Drilling for feedstock gas will need to be ramped up significantly to support LNG projects planned in British Columbia, industry officials said Thursday at the 3rd annual Canadian LNG Exports Conference in Vancouver.
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Nearly 3,000 wells have been drilled in the past few years at the Montney play in the Western Canadian Sedimentary Basin, but the extent of additional drilling that has to happen now is "staggering," Tourmaline Oil CEO Michael Rose said late Thursday.
Four developers are due to announce final investments over the next two to 12 months for their projects in British Columbia: the 12 million mt/year Pacific Northwest LNG, the 2.1 million mt/year Woodfibre LNG, Altagas' 1.8 million mt/year Douglas Channel LNG, and the Shell-backed Canada LNG with a nameplate capacity of 24 million mt/year.
The four projects will require gas supplies in excess of 6.3 Bcf/d, with Shell and Pacific Northwest together accounting for 5.8 Bcf/d, or about 90% of total demand, Ted Hanbury, vice president of corporate development for Painted Pony Petroleum, said at the event.
To supply 1 Bcf/d of gas 105 to 115 new wells will have to drilled each year, Geoff Morrison, manager BC operations at the Canadian Association of Petroleum Producers, said on the sidelines of the event.
At that rate, it would mean about 700 new wells/year in the Montney to supply 6.3 Bcf/d.
With 450 Tcf of reserves, Montney will support multiple LNG projects for several decades, Rose said, adding his company, which drilled 250 wells in the past four years in that play, is currently producing 250,000 Mcf/d of gas.
"Our aim is to double output [to 500,000 Mcf/d] over the next two to three years and emerge as a potential supplier for an LNG facility," he said, adding Tourmaline has 2P (proven and probable) reserves of 4.34 Tcf in northeast Montney in British Columbia and the Deep Basin play in neighboring Alberta.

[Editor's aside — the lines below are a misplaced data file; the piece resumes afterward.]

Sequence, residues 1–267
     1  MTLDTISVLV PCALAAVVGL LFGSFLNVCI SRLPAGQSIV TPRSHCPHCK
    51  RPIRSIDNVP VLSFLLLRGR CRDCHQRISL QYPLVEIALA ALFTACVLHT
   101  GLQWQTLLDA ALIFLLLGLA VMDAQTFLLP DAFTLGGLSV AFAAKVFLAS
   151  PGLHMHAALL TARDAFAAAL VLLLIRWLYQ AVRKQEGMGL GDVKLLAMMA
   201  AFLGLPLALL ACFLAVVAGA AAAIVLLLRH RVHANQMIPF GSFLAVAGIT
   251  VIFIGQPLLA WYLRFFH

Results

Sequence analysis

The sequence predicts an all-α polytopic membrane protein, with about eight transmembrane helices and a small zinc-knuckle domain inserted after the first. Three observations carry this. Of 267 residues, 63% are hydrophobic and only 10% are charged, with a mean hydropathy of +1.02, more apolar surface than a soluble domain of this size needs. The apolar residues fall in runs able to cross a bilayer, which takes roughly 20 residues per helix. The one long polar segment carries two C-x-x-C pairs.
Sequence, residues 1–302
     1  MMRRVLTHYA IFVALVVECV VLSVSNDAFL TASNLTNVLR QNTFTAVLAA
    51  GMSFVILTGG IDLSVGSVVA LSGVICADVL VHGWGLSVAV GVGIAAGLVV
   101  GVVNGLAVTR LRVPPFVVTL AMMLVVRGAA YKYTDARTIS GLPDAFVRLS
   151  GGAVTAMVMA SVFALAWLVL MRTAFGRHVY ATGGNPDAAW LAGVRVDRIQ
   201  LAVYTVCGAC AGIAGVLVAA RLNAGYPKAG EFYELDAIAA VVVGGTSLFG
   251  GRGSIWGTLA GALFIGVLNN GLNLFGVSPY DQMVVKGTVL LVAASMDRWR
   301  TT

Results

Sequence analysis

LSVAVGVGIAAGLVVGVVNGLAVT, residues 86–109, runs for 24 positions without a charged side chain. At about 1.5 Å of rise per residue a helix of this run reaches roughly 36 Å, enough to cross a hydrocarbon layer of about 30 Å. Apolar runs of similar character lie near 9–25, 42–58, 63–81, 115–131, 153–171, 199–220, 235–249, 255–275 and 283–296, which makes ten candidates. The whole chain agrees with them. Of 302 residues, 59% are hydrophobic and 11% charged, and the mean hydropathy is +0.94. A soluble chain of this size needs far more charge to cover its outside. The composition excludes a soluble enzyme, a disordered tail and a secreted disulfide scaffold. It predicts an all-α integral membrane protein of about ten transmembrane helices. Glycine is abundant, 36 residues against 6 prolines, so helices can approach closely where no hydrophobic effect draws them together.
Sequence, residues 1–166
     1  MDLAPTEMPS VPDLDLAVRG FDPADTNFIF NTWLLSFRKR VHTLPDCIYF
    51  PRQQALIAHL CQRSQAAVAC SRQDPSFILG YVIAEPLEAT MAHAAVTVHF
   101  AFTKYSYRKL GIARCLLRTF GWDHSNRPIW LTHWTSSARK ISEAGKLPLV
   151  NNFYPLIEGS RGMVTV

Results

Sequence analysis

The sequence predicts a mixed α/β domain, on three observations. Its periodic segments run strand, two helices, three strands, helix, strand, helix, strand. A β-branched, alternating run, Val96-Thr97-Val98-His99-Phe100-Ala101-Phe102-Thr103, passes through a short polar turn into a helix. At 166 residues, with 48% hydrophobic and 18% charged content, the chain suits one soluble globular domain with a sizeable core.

Deep Basin is another shale play in the WCSB that will be a supply source for LNG, he said, noting it has reserves of 72 Tcf that is primarily sweet gas.
Initially developed by drilling vertical wells, the focus now at Deep Basin is on horizontal drilling with greater gas recoveries, Rose said.
"In an AECO-hub C$3 [$2.47]/MMBtu gas world, it is still economical to drill at the Deep Basin. At Northeast Montney, where we were drilling horizontally in 2006 at a cost of C$8 million/well, Tourmaline has now broken the C$4 million/well barrier," he said, noting the company is maintaining a rate of return of nearly 10% in its Montney assets.
Drilling new wells is also on the radar of Painted Pony with 4,000 potential sites at its acreage in Montney, Hanbury said.
"Our cost of drilling, completion and tie-in is just under C$7 million [$5.7 million]/well and the company has plans to increase output to 40,000 b/d of oil equivalent in 2016, from 13,000 boe/d last year," he said.
Work is also underway to build a 150,000 Mcf/d gas processing plant in northeast Montney under a strategic alliance Pony Petroleum signed last year with Altagas, he said.
Another producer, Birchcliff Energy, plans to increase output from its assets in the Montney and Doig plays where it has 2P reserves of 2.3 Tcf and contingent resources of 7.9 Tcf, Vice President for Corporate Development Jim Surbey said.
"We have drilled 165 wells and our gas is a bit sour and expensive to produce," Surbey said, without giving any figures.
Meanwhile, a decision by the National Energy Board to approve TransCanada's 2.4 Bcf/d North Montney Mainline Project will connect the Deep Basin to the British Columbia's West Coast, Tourmaline's Rose said.
The NEB has recommended that the federal government approve the gas that is due for startup in 2017, TransCanada said Thursday.